St. John the Baptist's Church

Wędrynia, Poland

The wooden church of St. John the Baptist was built in 1791. The church tower was built in 1818. The church was renovated in 1959. The church is based on the construction of a log house, with a tri-point closed-off chancel, built in the Baroque architectural style. The narrow-sided tower originates from 1818, whilst the ridge turret is covered with a gourd-like apex. The church contains a late-Baroque main altar with statues of two bishop saints and paintings of Saints Augustine of Hippo or Zechariah and one of St. John the Baptist.



Your name

Website (optional)


Wędrynia, Poland
See all sites in Wędrynia


Founded: 1791
Category: Religious sites in Poland

More Information


5/5 (based on Google user reviews)

User Reviews

Sebastian Wiecha (15 months ago)
Joachim Bobon (15 months ago)
A beautiful historic church, worth a visit
Robert Logiewa (15 months ago)
Andrzej Krzywoń (17 months ago)
Historic wooden church, worth seeing.
Olo z Opola (3 years ago)
A beautiful monument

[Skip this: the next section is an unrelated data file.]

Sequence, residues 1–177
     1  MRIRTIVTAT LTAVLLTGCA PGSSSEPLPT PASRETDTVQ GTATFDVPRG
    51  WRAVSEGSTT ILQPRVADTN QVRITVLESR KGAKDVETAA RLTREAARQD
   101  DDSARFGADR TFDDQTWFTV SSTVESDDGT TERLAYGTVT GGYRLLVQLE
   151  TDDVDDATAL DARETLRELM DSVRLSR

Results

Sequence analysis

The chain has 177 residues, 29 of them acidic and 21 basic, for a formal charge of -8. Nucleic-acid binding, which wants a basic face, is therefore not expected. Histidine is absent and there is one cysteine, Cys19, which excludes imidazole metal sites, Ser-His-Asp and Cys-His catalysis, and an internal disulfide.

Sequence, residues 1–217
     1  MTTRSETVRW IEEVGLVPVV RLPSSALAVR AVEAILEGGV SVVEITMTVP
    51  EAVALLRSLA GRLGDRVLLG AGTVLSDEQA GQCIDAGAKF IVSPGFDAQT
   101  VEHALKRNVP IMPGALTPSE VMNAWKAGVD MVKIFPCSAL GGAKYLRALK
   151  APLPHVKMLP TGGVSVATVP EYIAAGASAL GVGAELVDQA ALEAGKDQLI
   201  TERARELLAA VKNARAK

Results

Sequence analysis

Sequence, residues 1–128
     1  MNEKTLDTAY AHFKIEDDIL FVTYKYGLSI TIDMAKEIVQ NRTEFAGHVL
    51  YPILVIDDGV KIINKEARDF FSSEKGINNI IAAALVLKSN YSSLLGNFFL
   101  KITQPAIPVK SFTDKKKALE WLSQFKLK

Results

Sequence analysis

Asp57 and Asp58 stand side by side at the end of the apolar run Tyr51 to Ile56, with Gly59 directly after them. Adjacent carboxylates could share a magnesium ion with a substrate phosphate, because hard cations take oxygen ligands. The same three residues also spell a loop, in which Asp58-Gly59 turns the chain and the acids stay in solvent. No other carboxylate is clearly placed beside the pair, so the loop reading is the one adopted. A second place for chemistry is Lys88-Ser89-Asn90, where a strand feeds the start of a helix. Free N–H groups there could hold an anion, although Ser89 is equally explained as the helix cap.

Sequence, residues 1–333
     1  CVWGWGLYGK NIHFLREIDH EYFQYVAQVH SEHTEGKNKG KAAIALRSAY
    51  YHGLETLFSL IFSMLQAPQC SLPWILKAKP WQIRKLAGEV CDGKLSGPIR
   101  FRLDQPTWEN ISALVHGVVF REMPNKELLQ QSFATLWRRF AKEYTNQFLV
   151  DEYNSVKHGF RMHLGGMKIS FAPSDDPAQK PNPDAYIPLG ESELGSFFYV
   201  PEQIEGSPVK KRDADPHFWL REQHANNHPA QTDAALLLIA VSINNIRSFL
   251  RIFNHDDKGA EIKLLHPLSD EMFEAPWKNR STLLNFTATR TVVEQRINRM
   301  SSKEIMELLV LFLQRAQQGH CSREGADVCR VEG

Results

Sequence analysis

Powered by Google

Featured Historic Landmarks, Sites & Buildings

Historic Site of the week

Easter Aquhorthies Stone Circle

Easter Aquhorthies stone circle, located near Inverurie, is one of the best-preserved examples of a recumbent stone circle, and one of the few that still have their full complement of stones. It consists of a ring of nine stones, eight of which are grey granite and one red jasper. Two more grey granite stones flank a recumbent of red granite flecked with crystals and lines of quartz. The circle is particularly notable for its builders' use of polychromy in the stones, with the reddish ones situated on the SSW side and the grey ones opposite.

The placename Aquhorthies derives from a Scottish Gaelic word meaning 'field of prayer', and may indicate a 'long continuity of sanctity' between the Stone or Bronze Age circle builders and their much later Gaelic successors millennia later. The circle's surroundings were landscaped in the late 19th century, and it sits within a small fenced and walled enclosure. A stone dyke, known as a roundel, was built around the circle some time between 1847 and 1866–7.